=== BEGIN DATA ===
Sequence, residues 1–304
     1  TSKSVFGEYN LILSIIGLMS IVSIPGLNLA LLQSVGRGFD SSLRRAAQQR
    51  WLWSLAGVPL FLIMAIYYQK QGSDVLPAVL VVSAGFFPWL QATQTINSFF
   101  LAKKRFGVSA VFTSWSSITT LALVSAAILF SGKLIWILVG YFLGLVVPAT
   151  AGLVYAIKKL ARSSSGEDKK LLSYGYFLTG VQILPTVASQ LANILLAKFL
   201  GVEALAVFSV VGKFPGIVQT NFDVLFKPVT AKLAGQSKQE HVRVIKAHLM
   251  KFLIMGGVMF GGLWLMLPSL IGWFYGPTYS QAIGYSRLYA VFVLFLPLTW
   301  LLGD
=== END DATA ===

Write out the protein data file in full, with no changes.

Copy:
Sequence, residues 1–304
     1  TSKSVFGEYN LILSIIGLMS IVSIPGLNLA LLQSVGRGFD SSLRRAAQQR
    51  WLWSLAGVPL FLIMAIYYQK QGSDVLPAVL VVSAGFFPWL QATQTINSFF
   101  LAKKRFGVSA VFTSWSSITT LALVSAAILF SGKLIWILVG YFLGLVVPAT
   151  AGLVYAIKKL ARSSSGEDKK LLSYGYFLTG VQILPTVASQ LANILLAKFL
   201  GVEALAVFSV VGKFPGIVQT NFDVLFKPVT AKLAGQSKQE HVRVIKAHLM
   251  KFLIMGGVMF GGLWLMLPSL IGWFYGPTYS QAIGYSRLYA VFVLFLPLTW
   301  LLGD